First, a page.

As for the game, the home team didn’t rally much with such an empty stadium. The HillCats, however, really had their bats heated up, as they put eleven runs across the plate. Shawn Morimando took the loss for the MudCats, giving up seven runs, but only five of them earned. Carolina did have a couple of players got 2-4, though, in catcher Ryan Battaglia and third baseman Yhoxian Medina. Tough loss for the hometown MudCats, but I’m sure things will get better once some fans are in the stands. Final score: MudCats 4, HillCats 11.
Photos property of Minoring In Baseball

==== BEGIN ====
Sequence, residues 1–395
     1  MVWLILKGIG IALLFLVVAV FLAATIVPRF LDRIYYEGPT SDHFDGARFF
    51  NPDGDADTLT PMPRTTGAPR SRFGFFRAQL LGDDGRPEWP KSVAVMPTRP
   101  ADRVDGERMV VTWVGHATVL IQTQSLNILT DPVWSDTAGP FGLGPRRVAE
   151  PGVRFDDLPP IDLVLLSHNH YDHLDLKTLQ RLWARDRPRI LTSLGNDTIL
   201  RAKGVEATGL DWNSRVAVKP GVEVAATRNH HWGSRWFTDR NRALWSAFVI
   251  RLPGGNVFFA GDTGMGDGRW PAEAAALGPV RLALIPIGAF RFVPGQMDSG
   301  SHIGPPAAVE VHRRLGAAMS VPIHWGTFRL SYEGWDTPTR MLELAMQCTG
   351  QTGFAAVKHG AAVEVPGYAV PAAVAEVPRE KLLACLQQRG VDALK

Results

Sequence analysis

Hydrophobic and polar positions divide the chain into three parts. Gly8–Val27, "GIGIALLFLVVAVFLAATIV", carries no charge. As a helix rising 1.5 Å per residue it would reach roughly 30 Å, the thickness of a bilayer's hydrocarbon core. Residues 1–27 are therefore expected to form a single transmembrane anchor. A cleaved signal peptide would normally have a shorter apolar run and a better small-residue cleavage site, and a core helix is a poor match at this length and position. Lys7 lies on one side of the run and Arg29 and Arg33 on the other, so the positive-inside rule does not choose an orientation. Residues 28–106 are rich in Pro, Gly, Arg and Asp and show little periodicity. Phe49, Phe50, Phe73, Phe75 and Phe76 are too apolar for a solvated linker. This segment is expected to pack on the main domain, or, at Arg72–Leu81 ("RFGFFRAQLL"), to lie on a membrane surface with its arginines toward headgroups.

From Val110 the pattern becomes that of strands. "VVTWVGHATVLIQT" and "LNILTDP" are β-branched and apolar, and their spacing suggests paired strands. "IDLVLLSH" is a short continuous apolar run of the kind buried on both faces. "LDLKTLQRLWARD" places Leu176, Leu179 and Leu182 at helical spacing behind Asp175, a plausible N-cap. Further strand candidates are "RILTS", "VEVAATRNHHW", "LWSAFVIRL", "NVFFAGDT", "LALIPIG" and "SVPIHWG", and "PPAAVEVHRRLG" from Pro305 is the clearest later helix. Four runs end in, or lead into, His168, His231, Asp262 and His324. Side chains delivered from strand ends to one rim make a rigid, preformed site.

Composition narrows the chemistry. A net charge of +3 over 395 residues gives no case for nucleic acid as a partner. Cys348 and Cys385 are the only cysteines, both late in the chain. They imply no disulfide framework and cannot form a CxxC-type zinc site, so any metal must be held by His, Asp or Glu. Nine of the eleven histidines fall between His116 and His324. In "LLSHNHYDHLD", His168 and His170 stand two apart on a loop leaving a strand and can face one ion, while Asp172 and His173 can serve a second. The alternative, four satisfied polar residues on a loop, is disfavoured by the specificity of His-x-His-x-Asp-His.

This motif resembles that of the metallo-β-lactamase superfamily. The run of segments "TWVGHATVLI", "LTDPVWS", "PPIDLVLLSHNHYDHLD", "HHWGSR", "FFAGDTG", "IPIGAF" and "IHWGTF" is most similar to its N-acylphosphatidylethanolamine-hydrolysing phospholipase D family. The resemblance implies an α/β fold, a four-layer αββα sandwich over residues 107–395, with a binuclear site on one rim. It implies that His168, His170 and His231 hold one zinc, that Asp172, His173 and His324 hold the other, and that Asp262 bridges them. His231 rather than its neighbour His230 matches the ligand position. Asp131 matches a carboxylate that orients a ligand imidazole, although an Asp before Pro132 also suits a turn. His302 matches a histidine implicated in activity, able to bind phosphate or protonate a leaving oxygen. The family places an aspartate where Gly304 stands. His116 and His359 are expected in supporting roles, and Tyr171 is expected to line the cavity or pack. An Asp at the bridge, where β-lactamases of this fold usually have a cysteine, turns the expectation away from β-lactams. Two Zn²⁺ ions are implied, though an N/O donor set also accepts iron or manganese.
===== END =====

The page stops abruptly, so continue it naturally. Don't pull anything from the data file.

Durham Athletic Park-Durham, NC: I’d be crazy not to check out the old stadium in Durham. You know, the one they filmed that movie at? It’s located just a mile or so from the new one, and it still sits in a neighborhood like it does in the movie. It seems like it’s still in use, as the outfield was being mowed when I got there. My luck, too, because the outfield gate was open, allowing me to sneak in a get a few pics, anyway. I was just amazing, though, to think that back in 1988 it was full of Hollywood magic, and Bull Durham would become one of the most loved baseball movies of all time. The first thing I did when returning home, was to watch the movie again (ok, it wasn’t the first thing, but I did watch it). It was cool to see where I had been, and knowing I’d been to Asheville, too, that was featured toward the end of the show. Our day wasn’t done yet, though, as we still needed to head west for some Carolina League action that night. I know what you’re thinking, though. Seeing four ballparks and two games in one day is a little excessive. Even for the Carolina League.